CHATHAM – It isn't so much the view of the tower – which looks like a small missile or a very large model rocket – that bothers Tish Crowell. It's the possibility that her backyard could flood because a drainage swale was partially filled to accommodate the structure.
“I can see it just going to come right here,” she said of stormwater runoff, looking at the yard of the Crowell Road home she shares with her husband, Robert, and the slope the leads up to the town's department of public works property. She points to a contour map that clearly shows her 243 Crowell Rd. property as the funnel point for the higher elevation land to the west.
Stormwater runoff into the backyard hasn't been a problem since the drainage swale was put in between the Crowells' property and the DPW yard. The drainage became a problem after the rear portion of the DPW land was developed and paved about 10 years ago, which resulted in runoff creating a “swimming pool” in her backyard, Crowell said. Now, with the swale partially filled, she worries that will happen again.
Standing on the west side of the partially-filled swale is a Continuously Operating Reference Station (CORS) tower that extends 21 feet above grade and another 12 feet below ground. Atop the steel mast is geodetic antenna. The structure was paid or and installed by the Massachusetts Department of Transportation's highway division, and will fill in a gap in the agency's state-wide CORS network, which provides Global Navigation Satellite System reference stations for surveying, engineering and GIS mapping for professionals and the public.
The town allowed the state to build the tower on the DPW site under an agreement signed last October by Town Manager Jill Goldsmith. The location was chosen, according to the agreement, due to a gap in the network on the Outer Cape. MassDOT has no suitable facilities here to build a tower, so the Chatham site offers “an optimal solution towards enhancing the coverage” of the network, the agreement states.
Nobody bothered to notify the abutters that the tower was being built.
The Crowells learned about it last month when they notice work being done in the swale while they were walking along the bike trail, which runs behind the DPW facility. They made inquiries at the DPW and annex and were told that the town was not required to notify abutters – which is only them – and the structure did not need a building permit.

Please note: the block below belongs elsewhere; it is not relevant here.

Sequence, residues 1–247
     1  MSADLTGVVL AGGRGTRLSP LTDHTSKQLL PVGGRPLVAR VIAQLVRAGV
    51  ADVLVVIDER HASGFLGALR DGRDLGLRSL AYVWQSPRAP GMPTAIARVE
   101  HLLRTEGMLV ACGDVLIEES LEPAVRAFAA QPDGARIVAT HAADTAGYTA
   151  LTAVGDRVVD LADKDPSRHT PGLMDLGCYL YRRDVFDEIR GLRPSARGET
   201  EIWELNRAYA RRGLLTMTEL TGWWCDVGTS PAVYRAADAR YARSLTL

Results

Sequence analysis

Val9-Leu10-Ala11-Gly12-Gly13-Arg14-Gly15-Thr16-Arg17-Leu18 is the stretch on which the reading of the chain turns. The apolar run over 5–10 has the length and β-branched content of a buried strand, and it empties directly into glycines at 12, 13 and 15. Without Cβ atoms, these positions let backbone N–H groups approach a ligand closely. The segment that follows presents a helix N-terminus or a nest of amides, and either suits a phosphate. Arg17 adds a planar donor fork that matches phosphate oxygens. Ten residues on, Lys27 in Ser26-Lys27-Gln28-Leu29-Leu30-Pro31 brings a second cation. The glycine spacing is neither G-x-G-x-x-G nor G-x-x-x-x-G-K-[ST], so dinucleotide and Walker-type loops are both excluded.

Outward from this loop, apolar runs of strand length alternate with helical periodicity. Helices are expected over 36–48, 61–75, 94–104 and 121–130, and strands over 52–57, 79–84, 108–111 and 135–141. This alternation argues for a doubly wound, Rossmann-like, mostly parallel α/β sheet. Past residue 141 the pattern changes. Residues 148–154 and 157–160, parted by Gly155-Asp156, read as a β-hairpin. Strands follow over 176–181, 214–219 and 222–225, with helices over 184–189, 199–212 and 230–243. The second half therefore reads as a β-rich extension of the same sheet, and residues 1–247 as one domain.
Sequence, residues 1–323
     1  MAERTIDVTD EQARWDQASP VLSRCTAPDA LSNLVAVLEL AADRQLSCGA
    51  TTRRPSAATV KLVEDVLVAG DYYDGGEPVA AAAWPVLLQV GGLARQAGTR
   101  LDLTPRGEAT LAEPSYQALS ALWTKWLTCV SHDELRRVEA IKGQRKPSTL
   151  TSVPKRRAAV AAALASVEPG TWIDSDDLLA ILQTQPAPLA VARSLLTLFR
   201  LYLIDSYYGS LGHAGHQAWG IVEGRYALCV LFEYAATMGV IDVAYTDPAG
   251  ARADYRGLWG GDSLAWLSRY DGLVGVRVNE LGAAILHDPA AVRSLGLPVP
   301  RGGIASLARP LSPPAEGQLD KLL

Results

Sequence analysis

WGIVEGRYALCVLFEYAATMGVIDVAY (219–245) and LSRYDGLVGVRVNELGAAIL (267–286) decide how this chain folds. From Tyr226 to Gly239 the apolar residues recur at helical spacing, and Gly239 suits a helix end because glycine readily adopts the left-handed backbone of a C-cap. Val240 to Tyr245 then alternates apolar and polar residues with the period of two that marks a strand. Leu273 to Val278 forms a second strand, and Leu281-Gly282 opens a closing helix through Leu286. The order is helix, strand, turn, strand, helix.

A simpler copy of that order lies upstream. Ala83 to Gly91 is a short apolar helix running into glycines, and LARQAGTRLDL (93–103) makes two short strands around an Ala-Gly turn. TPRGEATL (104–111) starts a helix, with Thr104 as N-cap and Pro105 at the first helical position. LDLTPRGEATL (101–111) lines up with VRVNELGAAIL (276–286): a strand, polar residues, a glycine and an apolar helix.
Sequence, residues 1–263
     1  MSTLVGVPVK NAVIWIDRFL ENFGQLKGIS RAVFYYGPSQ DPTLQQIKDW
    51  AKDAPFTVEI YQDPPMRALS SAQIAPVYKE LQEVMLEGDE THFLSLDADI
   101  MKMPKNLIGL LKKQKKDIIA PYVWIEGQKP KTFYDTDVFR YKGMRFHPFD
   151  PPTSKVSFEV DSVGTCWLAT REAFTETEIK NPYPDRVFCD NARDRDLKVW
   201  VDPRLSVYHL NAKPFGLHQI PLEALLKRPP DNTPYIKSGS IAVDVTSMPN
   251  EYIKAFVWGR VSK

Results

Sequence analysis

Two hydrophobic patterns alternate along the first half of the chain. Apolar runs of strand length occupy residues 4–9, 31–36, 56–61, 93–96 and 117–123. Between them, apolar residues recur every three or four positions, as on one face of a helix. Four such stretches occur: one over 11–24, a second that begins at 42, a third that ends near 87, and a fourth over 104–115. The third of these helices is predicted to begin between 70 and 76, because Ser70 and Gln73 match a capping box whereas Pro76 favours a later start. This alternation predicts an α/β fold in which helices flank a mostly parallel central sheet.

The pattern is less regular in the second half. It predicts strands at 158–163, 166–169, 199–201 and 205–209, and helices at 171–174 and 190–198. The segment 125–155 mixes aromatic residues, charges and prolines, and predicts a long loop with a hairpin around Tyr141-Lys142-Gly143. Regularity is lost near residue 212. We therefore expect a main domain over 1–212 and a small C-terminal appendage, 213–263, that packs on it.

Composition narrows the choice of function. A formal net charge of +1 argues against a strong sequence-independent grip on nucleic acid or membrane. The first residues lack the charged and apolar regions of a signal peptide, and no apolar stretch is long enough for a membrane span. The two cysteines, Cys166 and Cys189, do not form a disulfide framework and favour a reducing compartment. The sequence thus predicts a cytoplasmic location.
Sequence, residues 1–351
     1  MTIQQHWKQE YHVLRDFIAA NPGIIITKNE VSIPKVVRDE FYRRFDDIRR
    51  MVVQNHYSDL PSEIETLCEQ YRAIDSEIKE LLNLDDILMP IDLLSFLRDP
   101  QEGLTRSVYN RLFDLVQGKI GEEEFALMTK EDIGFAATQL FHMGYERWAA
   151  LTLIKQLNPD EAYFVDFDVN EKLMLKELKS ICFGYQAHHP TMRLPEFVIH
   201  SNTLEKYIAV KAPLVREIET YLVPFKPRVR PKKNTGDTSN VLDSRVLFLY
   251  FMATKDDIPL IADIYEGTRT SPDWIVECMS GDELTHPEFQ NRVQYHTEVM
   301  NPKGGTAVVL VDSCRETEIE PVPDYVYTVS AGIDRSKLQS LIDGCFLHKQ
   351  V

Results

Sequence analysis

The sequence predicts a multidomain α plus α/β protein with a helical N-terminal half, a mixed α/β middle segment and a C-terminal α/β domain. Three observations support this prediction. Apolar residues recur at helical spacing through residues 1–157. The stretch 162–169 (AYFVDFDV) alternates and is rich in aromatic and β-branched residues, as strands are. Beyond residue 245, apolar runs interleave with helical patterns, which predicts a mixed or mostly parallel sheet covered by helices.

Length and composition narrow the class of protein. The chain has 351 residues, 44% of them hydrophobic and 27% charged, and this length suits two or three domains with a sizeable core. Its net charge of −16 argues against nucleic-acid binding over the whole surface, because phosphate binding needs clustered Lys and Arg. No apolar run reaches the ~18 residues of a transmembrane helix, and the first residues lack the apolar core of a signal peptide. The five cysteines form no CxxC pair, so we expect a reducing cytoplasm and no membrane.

After more inquiries, they were told by Principal Projects Administrator Terry Whalen that a building permit should have been taken out for the structure. Crowell said she asked that a stop work order be placed on the project, and Whalen agreed.
However, when she came home for lunch on Sept. 26, construction of the tower had resumed. She later learned that a building permit had been issued within hours of the stop work order. Within three days the tower was completed, she said.
The Crowells have appealed the issuance of the building permit to the zoning board of appeals as “aggrieved parties.” The hearing is scheduled for Thursday, Nov. 2, at 4 p.m. at the annex.
Although the appearance of the tower is a concern – “once the foliage falls, it's going to be ugly,” Tish Crowell said – it's the flooding that most worries the couple. The deluge in August flooded their basement and yard with runoff from Crowell Road, and runoff from the DPW, bike trail and the cemetery beyond all heads down slope toward their property. Without the drainage swale to collect it, “it has nowhere to go” but their backyard, she said. The town placed hay bales around the base of the tower in the remaining swale, but she was skeptical that will do much good.
The agreement between the state and town runs through 2025, with automatic renewals every five years. The town receives no payment from the state, which agrees to maintain the facility. According to the building permit, the structure cost $150,000.
Attempts to reach Whalen and MassDOT were unsuccessful.